- New natural gas generation projects in the PJM Interconnection face a growing list of headwinds, and this has resulted in delays at almost a dozen combined cycle projects, according to a joint study by the Applied Economics Clinic (AEC) and the Institute for Energy Economics and Financial Analysis (IEEFA).
- The study points to a large oversupply in the capacity market, "uncertainty" over fuel prices, clean energy requirements passed by several states, and other factors that will impact the future of delayed plants as well as new proposals.
- And those factors are being exacerbated by uncertainty in PJM's capacity market due to the Federal Energy Regulatory Commission's Minimum Offer Price Rule (MOPR), according to the report. In December, the commission expanded the rule, effectively raising the floor prices for state-subsidized resources. The market is now in a state of "upheaval," according to AEC and IEEFA.
AEC researcher and report co-author Bryndis Woods has a message for anyone considering buying or financing a gas plant: "Buyer beware."
"The headwinds facing new PJM gas plants are growing stronger and stronger," Woods said in a statement.
Among those headwinds is a "massive oversupply" of generating resources in the PJM market, according to the researchers. They say since 2002, PJM peak demand has grown by 1% while total generating capacity is up 173%. There are also high-risk global events, including the coronavirus pandemic and extreme weather disruptions including heat waves, cold snaps, hurricanes, and high tide flooding.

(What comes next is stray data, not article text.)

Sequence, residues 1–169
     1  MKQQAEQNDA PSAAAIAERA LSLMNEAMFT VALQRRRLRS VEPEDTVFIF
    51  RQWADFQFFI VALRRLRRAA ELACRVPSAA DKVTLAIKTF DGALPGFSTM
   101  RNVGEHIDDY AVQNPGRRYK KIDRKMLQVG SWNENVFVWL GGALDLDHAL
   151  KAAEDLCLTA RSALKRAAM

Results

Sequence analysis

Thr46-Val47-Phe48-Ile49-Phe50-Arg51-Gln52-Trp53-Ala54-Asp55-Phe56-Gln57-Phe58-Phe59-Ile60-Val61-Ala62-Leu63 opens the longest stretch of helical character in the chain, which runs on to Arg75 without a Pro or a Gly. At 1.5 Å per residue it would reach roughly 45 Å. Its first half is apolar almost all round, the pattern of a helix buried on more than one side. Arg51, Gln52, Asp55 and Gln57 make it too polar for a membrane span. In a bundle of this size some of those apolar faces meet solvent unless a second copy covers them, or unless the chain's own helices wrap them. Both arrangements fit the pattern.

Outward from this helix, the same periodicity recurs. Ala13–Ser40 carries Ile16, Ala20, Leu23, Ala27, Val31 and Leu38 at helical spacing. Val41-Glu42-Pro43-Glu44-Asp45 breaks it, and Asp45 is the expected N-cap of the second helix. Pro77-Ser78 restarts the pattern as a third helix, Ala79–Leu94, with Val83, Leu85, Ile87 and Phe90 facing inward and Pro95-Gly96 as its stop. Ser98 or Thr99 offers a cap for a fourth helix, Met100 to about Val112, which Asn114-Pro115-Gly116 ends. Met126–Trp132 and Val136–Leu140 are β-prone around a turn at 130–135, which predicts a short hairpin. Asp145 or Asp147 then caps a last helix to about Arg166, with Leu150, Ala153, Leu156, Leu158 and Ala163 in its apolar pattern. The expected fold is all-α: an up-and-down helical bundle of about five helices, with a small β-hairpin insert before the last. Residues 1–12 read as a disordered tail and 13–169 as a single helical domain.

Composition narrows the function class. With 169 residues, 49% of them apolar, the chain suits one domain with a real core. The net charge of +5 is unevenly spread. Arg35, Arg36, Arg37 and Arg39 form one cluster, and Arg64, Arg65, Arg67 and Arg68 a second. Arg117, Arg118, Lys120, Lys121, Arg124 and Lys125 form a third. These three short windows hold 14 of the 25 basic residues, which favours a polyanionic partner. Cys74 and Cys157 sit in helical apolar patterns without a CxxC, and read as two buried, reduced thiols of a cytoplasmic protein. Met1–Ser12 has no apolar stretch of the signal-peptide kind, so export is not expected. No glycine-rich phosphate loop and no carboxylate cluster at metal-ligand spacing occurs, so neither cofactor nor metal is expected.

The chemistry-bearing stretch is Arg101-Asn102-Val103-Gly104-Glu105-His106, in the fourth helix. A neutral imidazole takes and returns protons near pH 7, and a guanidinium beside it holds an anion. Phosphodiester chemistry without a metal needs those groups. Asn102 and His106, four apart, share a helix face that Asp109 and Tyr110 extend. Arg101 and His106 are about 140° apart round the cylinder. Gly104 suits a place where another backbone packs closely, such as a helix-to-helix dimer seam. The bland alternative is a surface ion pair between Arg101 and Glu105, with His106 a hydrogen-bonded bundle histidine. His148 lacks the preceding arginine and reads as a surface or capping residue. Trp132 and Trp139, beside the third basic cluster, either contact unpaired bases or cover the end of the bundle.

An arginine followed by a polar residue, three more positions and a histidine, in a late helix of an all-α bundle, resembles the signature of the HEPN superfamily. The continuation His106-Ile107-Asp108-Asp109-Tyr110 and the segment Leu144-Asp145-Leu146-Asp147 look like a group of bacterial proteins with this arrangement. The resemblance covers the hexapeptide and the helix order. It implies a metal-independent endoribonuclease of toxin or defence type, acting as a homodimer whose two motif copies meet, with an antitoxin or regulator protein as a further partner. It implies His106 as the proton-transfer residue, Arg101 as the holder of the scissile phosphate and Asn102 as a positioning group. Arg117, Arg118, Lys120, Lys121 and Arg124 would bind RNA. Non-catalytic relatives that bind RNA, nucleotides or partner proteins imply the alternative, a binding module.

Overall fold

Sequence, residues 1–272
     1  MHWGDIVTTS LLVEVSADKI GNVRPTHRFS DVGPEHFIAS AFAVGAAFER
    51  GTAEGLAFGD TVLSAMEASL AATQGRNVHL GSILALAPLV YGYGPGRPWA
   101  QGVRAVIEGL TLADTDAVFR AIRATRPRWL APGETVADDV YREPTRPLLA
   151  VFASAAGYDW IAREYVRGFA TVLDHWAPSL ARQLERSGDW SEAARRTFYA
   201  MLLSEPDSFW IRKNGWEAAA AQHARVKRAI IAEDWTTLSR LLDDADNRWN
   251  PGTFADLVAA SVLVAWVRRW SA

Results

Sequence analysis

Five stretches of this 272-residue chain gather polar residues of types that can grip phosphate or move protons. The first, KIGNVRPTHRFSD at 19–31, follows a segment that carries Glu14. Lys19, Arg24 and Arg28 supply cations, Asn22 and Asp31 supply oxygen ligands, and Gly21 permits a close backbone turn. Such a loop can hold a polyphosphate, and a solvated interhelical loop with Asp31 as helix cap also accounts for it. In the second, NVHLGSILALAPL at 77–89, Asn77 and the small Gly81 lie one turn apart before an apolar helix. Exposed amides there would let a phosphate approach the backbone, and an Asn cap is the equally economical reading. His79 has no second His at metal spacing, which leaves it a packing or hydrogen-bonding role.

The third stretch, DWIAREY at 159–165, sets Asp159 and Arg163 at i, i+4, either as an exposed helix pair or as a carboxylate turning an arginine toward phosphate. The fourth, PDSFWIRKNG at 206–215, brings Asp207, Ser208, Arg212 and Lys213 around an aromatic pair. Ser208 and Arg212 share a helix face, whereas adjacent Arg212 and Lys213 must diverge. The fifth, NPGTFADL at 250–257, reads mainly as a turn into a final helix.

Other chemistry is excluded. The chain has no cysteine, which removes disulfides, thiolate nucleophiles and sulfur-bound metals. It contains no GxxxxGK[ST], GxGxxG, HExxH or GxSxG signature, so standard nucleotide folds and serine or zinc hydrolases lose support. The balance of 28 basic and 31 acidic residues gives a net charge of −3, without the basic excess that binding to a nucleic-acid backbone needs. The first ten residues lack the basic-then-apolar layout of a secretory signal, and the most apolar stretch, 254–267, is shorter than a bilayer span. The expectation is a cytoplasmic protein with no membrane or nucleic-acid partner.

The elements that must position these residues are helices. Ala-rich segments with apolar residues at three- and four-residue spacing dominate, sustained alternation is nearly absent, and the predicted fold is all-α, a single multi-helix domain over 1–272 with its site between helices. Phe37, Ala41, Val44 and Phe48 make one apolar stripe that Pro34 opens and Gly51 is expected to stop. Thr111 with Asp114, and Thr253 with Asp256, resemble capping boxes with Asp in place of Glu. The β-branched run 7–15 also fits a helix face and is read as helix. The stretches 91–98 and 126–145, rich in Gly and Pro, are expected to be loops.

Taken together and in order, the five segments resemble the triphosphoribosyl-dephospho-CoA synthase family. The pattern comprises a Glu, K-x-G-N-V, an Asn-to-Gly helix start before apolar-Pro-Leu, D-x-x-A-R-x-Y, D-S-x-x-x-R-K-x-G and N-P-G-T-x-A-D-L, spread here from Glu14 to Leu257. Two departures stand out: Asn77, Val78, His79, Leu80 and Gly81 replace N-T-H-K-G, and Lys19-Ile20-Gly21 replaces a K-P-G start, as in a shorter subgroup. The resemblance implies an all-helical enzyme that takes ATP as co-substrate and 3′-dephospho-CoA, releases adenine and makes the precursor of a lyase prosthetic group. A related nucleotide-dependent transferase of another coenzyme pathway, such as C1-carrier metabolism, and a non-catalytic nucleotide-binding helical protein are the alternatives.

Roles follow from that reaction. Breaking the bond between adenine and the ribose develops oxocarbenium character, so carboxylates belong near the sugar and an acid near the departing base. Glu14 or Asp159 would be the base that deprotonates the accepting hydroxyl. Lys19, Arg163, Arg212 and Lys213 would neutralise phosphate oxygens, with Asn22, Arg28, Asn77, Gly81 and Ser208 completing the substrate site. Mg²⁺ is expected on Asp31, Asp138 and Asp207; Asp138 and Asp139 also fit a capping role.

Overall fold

An increase U.S. liquefied natural gas exports could also drive up fuel prices, according to the report.
"U.S. gas prices are now increasingly tied to international markets, making long-term predictions increasingly uncertain and significantly raising risks for new gas plant development," the report warned. According to the analysis, since the beginning of 2016, "exports have soared, climbing from essentially zero" to a record 9.8 billion cubic feet/day in March 2020.
FERC'S MOPR decision has also caused "a great deal of uncertainty in PJM's capacity market, including an almost year-long delay in the latest auction," according to the report. There has also been talk of some states, including Illinois, Maryland, and New Jersey, leaving the capacity market.
“Individually, each of these risks could perhaps be factored into a project's financing,” Dennis Wamsted, an IEEFA analyst and report co-author, said in a statement. “Taken together, they pose virtually insurmountable hurdles for new gas-fired projects in the region.”
The AEC and IEEFA study highlights 11 gas power plant projects that it says are being slowed by the array of market factors in PJM.
"Project delays for power plants in the United States are exceedingly common. All 11 of the gas-fired plants currently in the early stages of development in PJM have experienced delays," the report said.